Kenny Lim

Kenny Lim

A writer and blogger who focuses on television and books. Also, he likes hummus.

Junior Contributor II

  • Sharp-Eyed Citizen
  • ?
  • Articles
    1
  • Featured
    1
  • Comments
    4
  • Ext. Comments
    3
  • Processed
    2
  • Revisions
    2
  • Topics
    2
  • Topics Taken
    1
  • Notes
    2
  • Topics Proc.
    9
  • Topics Rev.
    0
  • Points
    219
  • Rank
    X
  • Score
    105

Latest Articles

Latest Topics

1

The Use of Voice Overs in TV Shows: Effective or Distraction?

There have been a number of TV shows that have used voice overs. Such examples would be Veronica Mars, Burn Notice, Grey’s Anatomy, Scrubs and Dead Like Me. Do voice overs add anything to the story lines or are they merely a distraction? Why are voice overs used? Should they be used more or less often? Are there examples of TV shows that have used voice overs, but weren’t really effective? On the flip side, are there TV shows that could have used voice overs to help add depth or clarity to the story lines?

  • Good topic. Another possible example the article writer could use is Jane the Virgin. – Emily Deibler 5 years ago
    0
  • This would be great to write. I think bringing up something like Dexter as well. The show has a very complex voice over of Dexter the serial killer. Does he really believe in what he's saying? That he has no emotion and yet manages to portray it? Or is it simply him asserting that he is a monster and neglecting the idea that he could have other psychological levels? – tparish11 5 years ago
    1
  • In my opinion, they are often used to explicitly summarize events of the show or a characters feelings about said events (Scrubs is the best example) and for this reason they are often redundant and/or heavy-handed. They are not necessarily "distracting", but neither are they useful to the storyline. – TheSnob 5 years ago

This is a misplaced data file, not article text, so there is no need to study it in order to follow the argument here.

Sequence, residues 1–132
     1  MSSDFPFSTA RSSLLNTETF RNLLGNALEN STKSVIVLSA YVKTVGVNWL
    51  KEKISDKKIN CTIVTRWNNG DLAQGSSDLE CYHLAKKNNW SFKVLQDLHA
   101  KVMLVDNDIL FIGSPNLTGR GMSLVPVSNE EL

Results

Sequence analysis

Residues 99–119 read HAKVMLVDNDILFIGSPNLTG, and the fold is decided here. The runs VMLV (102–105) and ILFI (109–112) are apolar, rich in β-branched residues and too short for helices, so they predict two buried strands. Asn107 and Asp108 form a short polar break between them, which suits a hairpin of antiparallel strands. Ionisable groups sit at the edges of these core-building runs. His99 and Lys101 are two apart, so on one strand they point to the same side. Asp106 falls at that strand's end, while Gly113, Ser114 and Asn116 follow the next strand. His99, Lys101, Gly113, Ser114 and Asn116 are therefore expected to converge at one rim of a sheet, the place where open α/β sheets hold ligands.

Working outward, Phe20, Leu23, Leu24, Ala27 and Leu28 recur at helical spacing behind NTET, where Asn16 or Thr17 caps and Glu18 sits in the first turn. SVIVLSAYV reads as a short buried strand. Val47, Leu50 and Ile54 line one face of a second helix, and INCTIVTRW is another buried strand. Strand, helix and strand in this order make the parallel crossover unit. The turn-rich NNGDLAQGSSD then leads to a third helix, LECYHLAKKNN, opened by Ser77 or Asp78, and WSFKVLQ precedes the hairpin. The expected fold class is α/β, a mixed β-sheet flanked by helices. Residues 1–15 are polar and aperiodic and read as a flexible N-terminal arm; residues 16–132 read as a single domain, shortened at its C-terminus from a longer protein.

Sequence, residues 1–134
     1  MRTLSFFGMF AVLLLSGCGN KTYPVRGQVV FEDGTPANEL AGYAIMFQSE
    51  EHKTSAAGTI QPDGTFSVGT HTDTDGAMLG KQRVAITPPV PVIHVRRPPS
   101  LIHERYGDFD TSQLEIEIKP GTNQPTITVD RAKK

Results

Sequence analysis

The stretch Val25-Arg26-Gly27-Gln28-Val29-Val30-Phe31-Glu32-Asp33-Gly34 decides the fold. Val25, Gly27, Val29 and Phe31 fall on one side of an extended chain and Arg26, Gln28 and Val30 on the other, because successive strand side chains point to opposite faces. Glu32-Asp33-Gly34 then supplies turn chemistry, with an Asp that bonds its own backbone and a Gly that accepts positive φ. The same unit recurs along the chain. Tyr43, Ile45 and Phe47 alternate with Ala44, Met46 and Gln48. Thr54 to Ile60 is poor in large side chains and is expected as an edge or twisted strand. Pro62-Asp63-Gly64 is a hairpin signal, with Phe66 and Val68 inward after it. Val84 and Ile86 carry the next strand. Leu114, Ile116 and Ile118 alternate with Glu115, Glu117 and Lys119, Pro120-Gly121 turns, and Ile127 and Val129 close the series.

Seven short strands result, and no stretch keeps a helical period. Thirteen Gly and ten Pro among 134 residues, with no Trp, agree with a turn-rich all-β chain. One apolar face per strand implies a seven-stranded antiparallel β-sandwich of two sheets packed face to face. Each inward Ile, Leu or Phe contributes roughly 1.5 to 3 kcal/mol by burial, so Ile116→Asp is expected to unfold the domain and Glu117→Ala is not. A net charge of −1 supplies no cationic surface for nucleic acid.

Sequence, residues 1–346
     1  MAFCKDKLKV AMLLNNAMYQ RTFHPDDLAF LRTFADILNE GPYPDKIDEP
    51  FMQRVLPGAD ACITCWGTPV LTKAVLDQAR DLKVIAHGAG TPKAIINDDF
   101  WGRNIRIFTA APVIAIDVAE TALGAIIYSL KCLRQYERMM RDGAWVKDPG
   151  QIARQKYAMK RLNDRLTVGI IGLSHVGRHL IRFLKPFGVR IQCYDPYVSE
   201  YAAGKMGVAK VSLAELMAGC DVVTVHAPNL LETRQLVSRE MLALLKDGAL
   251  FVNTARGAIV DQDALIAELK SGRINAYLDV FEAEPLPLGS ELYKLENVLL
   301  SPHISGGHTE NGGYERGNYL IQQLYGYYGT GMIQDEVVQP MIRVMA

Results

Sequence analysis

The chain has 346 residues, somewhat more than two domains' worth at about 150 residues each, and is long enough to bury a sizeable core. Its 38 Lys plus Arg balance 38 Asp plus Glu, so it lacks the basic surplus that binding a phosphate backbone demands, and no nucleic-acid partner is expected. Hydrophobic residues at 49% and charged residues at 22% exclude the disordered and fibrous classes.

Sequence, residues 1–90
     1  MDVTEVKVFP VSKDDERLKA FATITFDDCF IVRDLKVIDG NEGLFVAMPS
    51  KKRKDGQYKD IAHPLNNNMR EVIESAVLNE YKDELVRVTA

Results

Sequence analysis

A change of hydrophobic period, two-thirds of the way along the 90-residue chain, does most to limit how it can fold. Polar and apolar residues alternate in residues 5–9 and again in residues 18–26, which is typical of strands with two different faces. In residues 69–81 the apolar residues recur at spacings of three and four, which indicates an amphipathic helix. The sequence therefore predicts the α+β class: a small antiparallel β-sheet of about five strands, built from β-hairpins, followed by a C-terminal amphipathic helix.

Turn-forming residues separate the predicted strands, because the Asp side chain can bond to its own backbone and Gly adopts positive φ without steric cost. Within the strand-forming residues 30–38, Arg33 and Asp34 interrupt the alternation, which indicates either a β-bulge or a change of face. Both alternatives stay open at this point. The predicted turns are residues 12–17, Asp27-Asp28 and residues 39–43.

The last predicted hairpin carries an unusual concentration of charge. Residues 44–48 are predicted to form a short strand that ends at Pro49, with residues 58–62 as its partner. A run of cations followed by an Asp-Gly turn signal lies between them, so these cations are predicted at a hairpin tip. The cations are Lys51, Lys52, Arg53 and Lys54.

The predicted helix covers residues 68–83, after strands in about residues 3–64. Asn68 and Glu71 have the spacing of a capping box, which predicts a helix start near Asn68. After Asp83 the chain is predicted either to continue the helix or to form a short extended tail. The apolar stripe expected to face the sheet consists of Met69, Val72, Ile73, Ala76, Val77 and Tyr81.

0
  • There are a few shows that have tried different things: Arrow had voice overs in its first season, then dropped them, and it would be interesting to examine why. – bbctol 5 years ago
    0
6

Is society uncomfortable with suicidal literary characters?

Mental illness in general is a delicate topic in today’s society. Mention the word suicide, and people instantly get uncomfortable and disturbed. Is it socially acceptable for a writer to write a story about a person with a mental illness who is suicidal? Should we encourage writers to write about potentially controversial topics and themes, or should they stick with those that are more conventional and would make readers more comfortable?

  • See "One Flew over the Coo Coo's Nest". – JDJankowski 5 years ago
    1
  • Depending on the direction the article takes, looking at classical examples such as Ophelia in Shakespeare's Hamlet might be something to do. – MichelleAjodah 5 years ago
    0
  • Another example is Septimus in Mrs. Dalloway by Virginia Woolf. – Camille Brouard 5 years ago
    0
  • Obviously everyone is going to come down on the side of encouraging controversial topics. That's the point of writing and literature. To tackle those issues head-on. If you're trying to create a balanced article, maybe try starting from a hard position of "No, this topic is too sensitive" and talking yourself back. Start from the most unpopular opinion and see if that gets the juices flowing. – CrunchyEnglish 5 years ago
    3
  • Suicide has been present in literature for quite some time. I don't think that we are uncomfortable with suicide. Rather, I think it has been misunderstood. Particularly in Realist & Naturalist fiction women characters who behaved "immorally" for the time often committed suicide at the end as a form of literary justice (see works of Wharton, Chopin, Dreiser). I think the mental illness, and the way to portray it accurately in a story is the challenge. One of the finest examples is not a book, but the movie Silver Linings Playbook. Tackling mental illness, and presenting it as clearly and accurately as possible is a worthy literary goal. – eringesine 5 years ago
    0